What happens when these youths become adults?

  • Difficult future: it is claimed that a high proportion of children who enter institutionalised care end up in trouble

    Difficult future: it is claimed that a high proportion of children who enter institutionalised care end up in trouble


A high proportion of children who enter institutionalised care, whether they stay in Bermuda or get sent abroad, end up in trouble as adults, it has been claimed.

But the Department of Child and Family Services does not appear to collect statistics on how many are convicted of a criminal offence or sentenced to prison, nor is it clear if it tracks the educational attainment of those it looks after.

The Royal Gazette spoke to professionals and others with intimate knowledge of the island’s social services and corrections system. They claimed many of the present and former inmates of Westgate and the Co-Ed facility were in care as children.

One source said that it was for a multitude of reasons, but included the lack of proper educational and therapeutic programmes available to them here.

The source added that children sent abroad in the DCFS’s psychoeducational programme or who go for overseas treatment as part of probation conditions after being convicted of an offence in Family Court were often left angry, resentful and traumatised by the decision to remove them from close, regular contact with their family.

That, in turn, affected their behaviour and ability to make good decisions.

“I’ll bet more than half of [those who have been in care] are already in the criminal justice system,” the source said. “Their needs are not being met. They are not being serviced properly. Everybody passes the buck.

“There is more harm than good done for more than less of those children who go into care. Taking a kid away from their family when they are so vulnerable; it’s not going to have a good impact.”

The source said the local residential and overseas psychoeducational programmes run by the DCFS did not include a proper component for successfully integrating young people back into their families or community.

The source added: “They send these children away and then they don’t do any work with the family. When the children come back after being gone for two years they come back into the same environment. A lot of it is multigenerational stuff.”

A second source called on the Government to monitor what happens to children who leave the care system and to share the information with the public.

“From my observation, once they were 18, they aged out and that was it. These are children that have been highlighted as having problems. They are in your control, so you should track them for at least five or ten years. Where are all of these children?”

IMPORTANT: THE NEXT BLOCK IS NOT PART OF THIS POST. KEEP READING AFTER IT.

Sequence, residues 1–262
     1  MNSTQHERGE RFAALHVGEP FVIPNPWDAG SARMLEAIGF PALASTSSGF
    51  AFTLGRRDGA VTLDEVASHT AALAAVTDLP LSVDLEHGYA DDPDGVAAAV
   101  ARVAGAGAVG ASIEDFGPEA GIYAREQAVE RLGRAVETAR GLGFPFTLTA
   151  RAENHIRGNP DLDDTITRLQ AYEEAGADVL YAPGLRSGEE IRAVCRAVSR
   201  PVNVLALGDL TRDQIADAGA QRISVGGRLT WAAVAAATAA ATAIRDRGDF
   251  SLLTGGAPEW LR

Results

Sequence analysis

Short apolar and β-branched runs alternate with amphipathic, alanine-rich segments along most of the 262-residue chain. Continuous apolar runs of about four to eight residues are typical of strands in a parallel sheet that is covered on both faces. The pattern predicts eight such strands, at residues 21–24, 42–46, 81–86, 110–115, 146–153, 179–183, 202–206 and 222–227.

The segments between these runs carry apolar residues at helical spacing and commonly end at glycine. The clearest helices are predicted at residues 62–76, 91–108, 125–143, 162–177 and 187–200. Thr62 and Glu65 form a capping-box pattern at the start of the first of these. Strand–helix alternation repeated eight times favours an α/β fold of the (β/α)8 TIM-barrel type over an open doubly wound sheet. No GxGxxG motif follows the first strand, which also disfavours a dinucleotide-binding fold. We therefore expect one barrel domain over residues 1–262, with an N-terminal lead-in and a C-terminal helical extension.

The DCFS said in 2016, in response to a public access to information request, that it did not collect statistics on the percentage of children in the overseas programme who end up in jail.

It did not respond to a question yesterday on whether it now records that data.

A question about whether the department or the Ministry of Education tracks how many children in care obtain educational qualifications also received no response.

A boy who was sent to Glen Mills Schools, a reform school in Pennsylvania since closed for child abuse and mistreatment, said students were allowed to watch television in class, unless there was someone visiting the school.

“We used to sit off and watch BET [Black Entertainment Television],” said the former student, who did not have any criminal convictions at the time, but has since been in Westgate as an adult.

“We didn’t even have to do no work. Remember, they sent me there to get an education. Let somebody be coming to do a tour of the place [and those in charge said] ‘look, do this here so everybody looks like they are doing their work’.”

A fourth source said: “When children go overseas they are not in a traditional academic environment. In fact, the primary reason for referral is treatment, not education. “While they may benefit from some form of academic support, in reality, when these children return to Bermuda, they return with significant academic gaps.

“Often they are placed in alternative educational placements upon return to Bermuda. This serves to further isolate and alienate them.

“It would be beneficial to know how many of these children return to Bermuda with a GED or trade certificate. What is the evidence that supports overseas treatment and validates it as a viable option that we have no choice but to continue to consider?”

A spokeswoman for the DCFS said in December 2018: “On return to Bermuda, the DCFS implements an aftercare programme. Aftercare consists of reintegration to the education system, ongoing individual and family support and referrals.

“If the child has reached the age of 18, they may choose not to participate. However, services are still offered to them.”

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Published Dec 12, 2019 at 8:00 am (Updated Dec 12, 2019 at 6:46 am)

What happens when these youths become adults?

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